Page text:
I have a friend who often begins or signs off her emails thus – onward –
and it reminds me of one of the editors I used to work for who would say “Onward and upward “ , usually after a scrappy staff meeting, leaving me muttering quietly that I would settle for onward. Certainly at the moment.
Friends are talking about holidays, others about a meal out – so it is grim to hear that the no show rate for booked tables in London is so high, with the industry staggering. Spring makes you want something new, because new is all around you.
I’m sure it is a very old impulse, layers of interpretation changing with the times.
Come spring – a whole conversation right there – and I would be ripe for reinvention. I’d go off, buy something and was very rarely pleased with it. It took years to realise that it was me I wanted renewed, not new clothes.
Don’t think I don’t like something new, I do, but whatever I bought only fixed that feeling of dissatisfaction for an increasingly short time. I think my wariness of spring crystallised into learning something about myself. You can change the packaging but not the item.
There are certain domestic tasks that make most of us feel better – cleaning the silver, all two teaspoons of it: changing the bed: a line of washing hung out in the breeze. Some of us like to cook. All of these are characterised by a beginning, a middle and an end – and the end is different from the beginning. The silver shines, the bed beams, the washing smells fresh, the cooking appetising.
But you can only do that symbolically with yourself. You can have a haircut or buy something new to wear and it may improve you but it won’t change you. I went out to buy in spring and came home knowing the magic hadn’t worked. New things in the carrier bags,
AR same old same old.
In a funny kind of way this was simplified by lack of money. I couldn’t afford to buy something I wasn’t going to wear (shades of my mother) so I pulled back. I can’t remember the transition or whether I turned housewife holy for a year or two and cleaned the house from top to bottom instead of going out for a spring shop. I do remember changing my eye makeup because it was breakthrough.
I don’t wear much makeup. Over the years I have found things that suit me and discarded things that don’t. I remember the first “professional” makeup I was given for the first press photograph – green eyeshadow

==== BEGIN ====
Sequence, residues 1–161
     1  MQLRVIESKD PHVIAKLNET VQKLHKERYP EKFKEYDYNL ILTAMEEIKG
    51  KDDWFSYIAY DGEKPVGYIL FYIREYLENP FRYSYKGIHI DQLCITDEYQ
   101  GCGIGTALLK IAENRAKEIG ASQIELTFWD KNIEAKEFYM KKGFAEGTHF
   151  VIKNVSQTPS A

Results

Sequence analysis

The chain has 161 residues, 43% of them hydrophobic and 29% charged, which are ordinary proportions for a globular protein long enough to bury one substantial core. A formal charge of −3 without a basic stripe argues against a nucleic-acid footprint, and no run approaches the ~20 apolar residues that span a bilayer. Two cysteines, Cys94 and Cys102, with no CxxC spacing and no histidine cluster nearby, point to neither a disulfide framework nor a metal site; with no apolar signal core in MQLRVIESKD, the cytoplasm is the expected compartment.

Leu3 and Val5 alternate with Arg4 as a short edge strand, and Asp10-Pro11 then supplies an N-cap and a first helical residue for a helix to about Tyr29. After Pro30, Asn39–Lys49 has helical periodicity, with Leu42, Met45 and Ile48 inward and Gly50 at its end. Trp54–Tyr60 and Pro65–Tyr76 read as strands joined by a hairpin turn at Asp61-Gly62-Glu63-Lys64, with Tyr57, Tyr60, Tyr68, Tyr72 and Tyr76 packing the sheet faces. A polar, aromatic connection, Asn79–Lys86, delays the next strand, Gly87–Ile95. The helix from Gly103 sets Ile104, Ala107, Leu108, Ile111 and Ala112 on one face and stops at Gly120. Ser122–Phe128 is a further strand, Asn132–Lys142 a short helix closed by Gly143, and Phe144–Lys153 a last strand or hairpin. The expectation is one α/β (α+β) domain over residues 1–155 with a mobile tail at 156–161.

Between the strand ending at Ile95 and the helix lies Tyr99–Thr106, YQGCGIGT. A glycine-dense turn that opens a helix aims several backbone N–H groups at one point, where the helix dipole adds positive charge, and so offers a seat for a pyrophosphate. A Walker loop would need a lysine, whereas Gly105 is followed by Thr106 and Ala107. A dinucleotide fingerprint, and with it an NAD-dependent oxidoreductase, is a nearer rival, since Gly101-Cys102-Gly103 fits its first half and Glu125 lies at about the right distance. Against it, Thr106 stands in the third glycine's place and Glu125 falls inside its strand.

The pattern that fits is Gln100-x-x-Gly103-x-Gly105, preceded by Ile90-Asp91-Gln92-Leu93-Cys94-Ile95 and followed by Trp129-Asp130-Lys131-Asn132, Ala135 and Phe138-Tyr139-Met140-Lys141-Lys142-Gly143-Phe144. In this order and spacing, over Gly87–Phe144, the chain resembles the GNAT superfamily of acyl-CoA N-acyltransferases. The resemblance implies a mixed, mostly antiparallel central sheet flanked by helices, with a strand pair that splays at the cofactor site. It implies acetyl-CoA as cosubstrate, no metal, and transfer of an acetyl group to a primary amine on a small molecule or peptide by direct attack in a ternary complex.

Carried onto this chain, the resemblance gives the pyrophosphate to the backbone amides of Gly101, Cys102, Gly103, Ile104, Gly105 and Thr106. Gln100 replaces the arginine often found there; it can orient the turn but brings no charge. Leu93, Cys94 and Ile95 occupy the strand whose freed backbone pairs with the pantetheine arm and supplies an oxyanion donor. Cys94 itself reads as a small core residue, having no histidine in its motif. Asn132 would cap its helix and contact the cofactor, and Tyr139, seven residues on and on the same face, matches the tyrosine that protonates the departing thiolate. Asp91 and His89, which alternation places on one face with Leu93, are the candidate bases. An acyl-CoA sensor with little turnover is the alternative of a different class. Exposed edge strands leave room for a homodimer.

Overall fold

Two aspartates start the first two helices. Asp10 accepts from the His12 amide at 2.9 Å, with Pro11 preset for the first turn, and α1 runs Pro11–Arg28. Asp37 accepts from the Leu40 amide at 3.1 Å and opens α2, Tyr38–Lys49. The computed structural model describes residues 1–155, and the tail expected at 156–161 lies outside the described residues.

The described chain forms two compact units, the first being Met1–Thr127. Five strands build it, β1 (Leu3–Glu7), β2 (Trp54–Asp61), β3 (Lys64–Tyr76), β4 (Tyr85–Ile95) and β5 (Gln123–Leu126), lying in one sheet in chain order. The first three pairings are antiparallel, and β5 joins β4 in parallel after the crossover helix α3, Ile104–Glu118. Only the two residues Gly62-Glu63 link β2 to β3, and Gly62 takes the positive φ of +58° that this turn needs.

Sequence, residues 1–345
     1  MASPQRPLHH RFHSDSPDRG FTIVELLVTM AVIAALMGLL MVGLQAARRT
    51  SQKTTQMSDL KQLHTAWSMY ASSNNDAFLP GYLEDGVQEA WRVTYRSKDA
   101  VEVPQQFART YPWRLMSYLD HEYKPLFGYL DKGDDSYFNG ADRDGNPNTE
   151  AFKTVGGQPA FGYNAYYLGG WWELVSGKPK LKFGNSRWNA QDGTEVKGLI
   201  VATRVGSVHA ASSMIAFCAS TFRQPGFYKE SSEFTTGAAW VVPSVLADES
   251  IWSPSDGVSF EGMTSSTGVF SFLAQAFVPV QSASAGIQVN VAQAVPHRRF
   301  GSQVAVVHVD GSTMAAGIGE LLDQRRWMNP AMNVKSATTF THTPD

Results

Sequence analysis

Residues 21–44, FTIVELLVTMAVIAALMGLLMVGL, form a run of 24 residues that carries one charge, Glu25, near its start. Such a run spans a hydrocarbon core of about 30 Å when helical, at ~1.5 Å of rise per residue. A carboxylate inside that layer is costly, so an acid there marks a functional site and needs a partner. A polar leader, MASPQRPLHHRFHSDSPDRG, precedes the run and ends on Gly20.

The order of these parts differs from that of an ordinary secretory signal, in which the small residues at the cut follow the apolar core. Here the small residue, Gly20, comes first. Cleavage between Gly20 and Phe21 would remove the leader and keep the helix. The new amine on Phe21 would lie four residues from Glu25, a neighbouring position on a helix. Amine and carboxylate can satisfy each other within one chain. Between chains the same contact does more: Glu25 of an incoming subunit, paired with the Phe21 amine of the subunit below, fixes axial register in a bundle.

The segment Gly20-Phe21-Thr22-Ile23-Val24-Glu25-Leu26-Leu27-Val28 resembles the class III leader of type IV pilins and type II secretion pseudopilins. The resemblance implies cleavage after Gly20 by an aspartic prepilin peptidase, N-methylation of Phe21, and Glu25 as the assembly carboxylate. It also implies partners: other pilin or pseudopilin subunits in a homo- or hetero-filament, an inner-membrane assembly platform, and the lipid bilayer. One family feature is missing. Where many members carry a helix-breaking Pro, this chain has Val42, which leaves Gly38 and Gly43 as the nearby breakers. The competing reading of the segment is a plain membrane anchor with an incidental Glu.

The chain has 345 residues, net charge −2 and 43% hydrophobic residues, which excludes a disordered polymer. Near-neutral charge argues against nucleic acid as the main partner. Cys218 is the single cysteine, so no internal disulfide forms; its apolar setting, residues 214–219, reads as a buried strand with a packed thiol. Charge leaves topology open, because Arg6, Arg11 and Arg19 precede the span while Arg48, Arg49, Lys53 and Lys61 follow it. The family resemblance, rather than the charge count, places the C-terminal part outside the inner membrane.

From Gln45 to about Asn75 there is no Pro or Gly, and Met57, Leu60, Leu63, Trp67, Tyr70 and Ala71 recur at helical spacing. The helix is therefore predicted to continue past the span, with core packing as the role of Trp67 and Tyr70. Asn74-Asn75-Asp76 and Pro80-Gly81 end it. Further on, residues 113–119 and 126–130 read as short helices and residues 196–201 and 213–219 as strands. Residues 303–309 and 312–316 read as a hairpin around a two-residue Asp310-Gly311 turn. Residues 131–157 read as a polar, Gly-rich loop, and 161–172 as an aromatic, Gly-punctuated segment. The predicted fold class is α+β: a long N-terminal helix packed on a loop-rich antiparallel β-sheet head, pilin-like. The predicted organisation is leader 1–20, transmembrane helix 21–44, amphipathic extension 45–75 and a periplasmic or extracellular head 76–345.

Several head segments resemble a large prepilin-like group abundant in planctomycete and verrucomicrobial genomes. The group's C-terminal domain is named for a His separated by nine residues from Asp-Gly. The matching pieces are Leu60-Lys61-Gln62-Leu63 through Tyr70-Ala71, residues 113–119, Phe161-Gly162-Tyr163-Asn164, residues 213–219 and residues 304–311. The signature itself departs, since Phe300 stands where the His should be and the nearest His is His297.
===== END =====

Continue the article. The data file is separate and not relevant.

and orange lipstick – and thinking “Well that’s never going to happen again.” If Elizabeth Taylor could learn about her makeup, I could too.
Colour seduces me. I couldn’t count the number of wrong buys in the right colour. Blinded by the colour, I hardly ever got that wrong – but I couldn’t see shape or cut. I learned. One year, knowing my colouring had changed with age, I bought a pencil for the eyes named in a way that still makes me laugh and matched it with an eyeshadow from somewhere completely different so that even when my eye troubles precluded the modest couple of coats of mascara, I still looked halfway human. Spring breakthrough. Yippee !
A couple of years later my spring buy was a pair of modest earrings, relating from the period when costume jewellery was judged successful by its evocation of the real thing. Shopping earrings. Great.
This year I bought the most beautifully envisaged and put together Guerlain lipstick, packaging heaven, lovely colour, wonderful idea. But it doesn’t last five minutes. It is always the luck of draw with any form of lipstick. It reminds me of all those wonderful moments when I looked at women putting on lipstick, my mother, movie stars, some elegant woman somewhere – and thought one day, one day … when I grow up … and it came in the last few years when I collected several lipsticks (including a reduced price Guerlain, two Nars and a breakout Chanel) which I have worn nearly to nothing, mask notwithstanding. My mother would be proud of me. I don’t think she went to the bin without lipstick and earrings.